What happens when you combine hand-me-down furniture and traditional fabrics with one of NYC’s best-loved designers? The answer is two reinvented chairs that stay true to their roots. The pleasantly surprising path to these old-meets-new results started with a practical and common enough scenario: furniture that badly needed reupholstering. Like many who undertake their own home decor projects, I was short on time but long on inspiration. I needed help.
Schumacher, makers of fabrics, wall-coverings and trim (who recently celebrated their 129th anniversary) agreed to provide materials and reached out to Billy Cotton. The interior and furniture designer, recently named to Architectural Digest’s Design 100, lent his expertise toward refreshing my idiosyncratic mix of seating: a wingback and footstool, hand-carved by an ancestor, and a barrel chair. How Cotton—known for projects that balance thoughtfulness and storytelling with a fresh, pared-back approach—would combine my chairs with the storied brand’s fabrics was an intriguing prospect. The pieces, from wildly different eras and styles, needed to work with an eclectic mix of other furniture that ranges from mid-century modern to Ikea. So first I familiarized myself with Schumacher.
Visiting the NYC headquarters feels similar to stepping inside an art studio, with inspiration everywhere—from Giove, a symmetrical print of curving snakes, to seductive woven textures. Creative Director Dara Caponigro describes the process of making the collections as falling “in love with something and you have to do it,” which CEO Timur Yumusuklar backs up as “coming from the heart.” This passion for design has its origins in the family-owned company’s rich history of collaborations with the likes of Frank Lloyd Wright and Paul Poiret. Today, the brand introduces monthly collections to keep up with the latest design currents, like a 2017 collection with Vogue Living or the recent Caroline Z Hurley patterns in the Indie Artisan series. Further, they innovate with developments such as the first silk velvet to resist stains which came out last year.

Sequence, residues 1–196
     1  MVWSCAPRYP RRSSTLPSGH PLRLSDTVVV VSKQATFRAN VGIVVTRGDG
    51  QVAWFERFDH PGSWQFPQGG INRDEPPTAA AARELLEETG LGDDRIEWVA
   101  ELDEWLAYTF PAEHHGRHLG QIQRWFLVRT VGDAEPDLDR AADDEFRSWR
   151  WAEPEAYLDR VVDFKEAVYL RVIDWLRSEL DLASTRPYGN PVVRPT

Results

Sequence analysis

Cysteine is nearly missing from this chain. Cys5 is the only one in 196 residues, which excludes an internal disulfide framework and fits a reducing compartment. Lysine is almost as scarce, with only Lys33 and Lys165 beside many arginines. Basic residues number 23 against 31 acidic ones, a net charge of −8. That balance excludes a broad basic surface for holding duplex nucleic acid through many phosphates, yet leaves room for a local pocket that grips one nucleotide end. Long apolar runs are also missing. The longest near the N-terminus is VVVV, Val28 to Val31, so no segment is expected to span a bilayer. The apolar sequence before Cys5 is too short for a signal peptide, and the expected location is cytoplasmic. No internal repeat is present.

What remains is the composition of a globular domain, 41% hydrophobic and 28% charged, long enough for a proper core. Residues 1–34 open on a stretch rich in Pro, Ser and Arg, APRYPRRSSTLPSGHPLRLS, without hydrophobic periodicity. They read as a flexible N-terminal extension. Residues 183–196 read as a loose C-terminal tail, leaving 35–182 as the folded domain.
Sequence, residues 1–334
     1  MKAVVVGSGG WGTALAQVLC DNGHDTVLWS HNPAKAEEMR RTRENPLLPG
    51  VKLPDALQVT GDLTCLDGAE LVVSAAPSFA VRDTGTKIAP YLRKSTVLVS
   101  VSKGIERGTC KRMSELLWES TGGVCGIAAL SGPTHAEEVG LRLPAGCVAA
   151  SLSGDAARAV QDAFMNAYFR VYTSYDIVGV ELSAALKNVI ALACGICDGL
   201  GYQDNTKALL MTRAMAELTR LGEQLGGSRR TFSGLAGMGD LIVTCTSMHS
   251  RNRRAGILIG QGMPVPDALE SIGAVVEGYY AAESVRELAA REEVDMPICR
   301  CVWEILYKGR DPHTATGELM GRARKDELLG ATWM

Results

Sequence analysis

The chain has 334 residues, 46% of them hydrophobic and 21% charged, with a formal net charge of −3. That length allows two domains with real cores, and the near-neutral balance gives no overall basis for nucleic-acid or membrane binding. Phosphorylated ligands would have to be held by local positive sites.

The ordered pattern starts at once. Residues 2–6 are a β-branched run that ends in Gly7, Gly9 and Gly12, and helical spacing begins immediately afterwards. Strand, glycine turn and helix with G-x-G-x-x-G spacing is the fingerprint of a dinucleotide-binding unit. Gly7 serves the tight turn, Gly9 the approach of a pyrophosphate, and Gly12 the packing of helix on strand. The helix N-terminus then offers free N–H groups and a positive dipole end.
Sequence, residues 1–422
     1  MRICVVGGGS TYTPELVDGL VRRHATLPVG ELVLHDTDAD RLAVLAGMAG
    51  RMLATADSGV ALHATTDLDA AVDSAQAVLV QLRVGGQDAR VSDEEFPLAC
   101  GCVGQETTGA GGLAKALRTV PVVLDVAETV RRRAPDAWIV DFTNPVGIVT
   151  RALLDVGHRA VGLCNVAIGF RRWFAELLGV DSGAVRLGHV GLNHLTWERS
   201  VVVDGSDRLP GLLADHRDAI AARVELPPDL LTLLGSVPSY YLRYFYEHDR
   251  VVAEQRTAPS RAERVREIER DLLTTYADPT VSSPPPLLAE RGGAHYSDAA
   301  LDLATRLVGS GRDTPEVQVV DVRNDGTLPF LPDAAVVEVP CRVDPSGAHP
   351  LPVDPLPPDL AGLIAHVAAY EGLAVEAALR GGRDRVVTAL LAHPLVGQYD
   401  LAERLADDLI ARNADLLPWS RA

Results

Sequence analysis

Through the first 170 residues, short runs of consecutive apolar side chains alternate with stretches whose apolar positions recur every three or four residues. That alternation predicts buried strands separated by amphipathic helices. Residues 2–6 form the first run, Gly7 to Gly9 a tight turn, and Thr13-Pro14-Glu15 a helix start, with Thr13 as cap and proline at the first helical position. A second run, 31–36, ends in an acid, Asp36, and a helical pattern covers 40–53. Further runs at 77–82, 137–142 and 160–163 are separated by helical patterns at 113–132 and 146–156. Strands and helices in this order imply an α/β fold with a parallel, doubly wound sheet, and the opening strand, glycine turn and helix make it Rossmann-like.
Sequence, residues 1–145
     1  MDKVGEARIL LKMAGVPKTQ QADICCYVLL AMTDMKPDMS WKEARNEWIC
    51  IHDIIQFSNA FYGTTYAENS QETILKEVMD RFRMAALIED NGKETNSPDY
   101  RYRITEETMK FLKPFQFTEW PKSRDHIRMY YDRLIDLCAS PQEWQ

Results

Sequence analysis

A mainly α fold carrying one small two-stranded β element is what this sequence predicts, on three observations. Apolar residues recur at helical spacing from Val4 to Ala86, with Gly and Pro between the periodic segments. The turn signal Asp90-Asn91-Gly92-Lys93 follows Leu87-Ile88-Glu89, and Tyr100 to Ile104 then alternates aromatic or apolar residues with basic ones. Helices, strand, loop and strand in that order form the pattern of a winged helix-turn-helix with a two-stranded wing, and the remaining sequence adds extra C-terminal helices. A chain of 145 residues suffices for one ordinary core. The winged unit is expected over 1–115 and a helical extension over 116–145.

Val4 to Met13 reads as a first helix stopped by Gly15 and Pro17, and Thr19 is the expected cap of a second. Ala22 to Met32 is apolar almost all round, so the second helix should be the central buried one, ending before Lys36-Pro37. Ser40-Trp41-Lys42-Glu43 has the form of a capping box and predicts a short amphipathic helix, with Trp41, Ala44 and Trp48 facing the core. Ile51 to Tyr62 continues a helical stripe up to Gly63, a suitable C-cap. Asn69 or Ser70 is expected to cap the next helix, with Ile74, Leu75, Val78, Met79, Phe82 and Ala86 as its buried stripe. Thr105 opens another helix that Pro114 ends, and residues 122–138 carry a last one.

The signs of Schumacher’s push into the 21st century are everywhere. You don’t see many other luxury design establishments on Snapchat, for example. Nor is it likely you’d hear others cite a designer as a “wild card” and emphasize that they want to support that. It seemed obvious to follow this trailblazing lead and go with a contemporary fabric. I imagined a bold black-and-white ikat (inspired by a traditional obi sash) contrasting nicely with the scrollwork of the wingback. But I was wrong.
When I met Cotton at the Schumacher showroom he seemed to fly from rack to rack of gorgeous fabrics. It was a breathless tour through the thousands of fabrics in the Schumacher library, a dizzying array of styles and influences—and completely overwhelming. But Cotton efficiently marked down selections and pulled samples. “Older fabric companies like Schumacher have a depth in their catalogue that allow you to know that you are going to find what you are looking for,” he explains, “Whether it be new or from their archives.”
For period pieces like this, “Once you have made the decision that a piece of furniture is going to stay with you, enough that you’re going to invest in reupholstering it,” Cotton says, “It’s best to lean into the chair, not the latest design trend.“ And Schumacher’s extensive collection provided no shortage of options.
Cotton chose a silk-linen called Colette, unusual for its mix of sheen, gingham check and damask, for the barrel chair. His clever finishing touch: bleaching the wood for a look that reads more Paris flea market than thrift-store find. (Pro tip: many ’70s-era pieces can be revived by stripping away the cheap varnish that turns yellow and speckled with age to reveal the solid wood underneath.) When it came to the hand-carved armchair and footstool, he found a cozy green wool that is soft to the touch but reinforced with synthetics for durability. Trimmed with Schumacher’s Erin Gimp in a warm golden tone, the handsome result makes the chair feel special without overwhelming it in pattern.
Now, with the furniture grabbing regular compliments, they’re testaments to letting the core beauty of a piece shine through—while taking risks at the same time. It’s a particular sensibility that both honors the original and reinvigorates it, a smart choice by Cotton that suits the chairs well and serves as an apt metaphor for Schumacher itself.
Images courtesy of Schumacher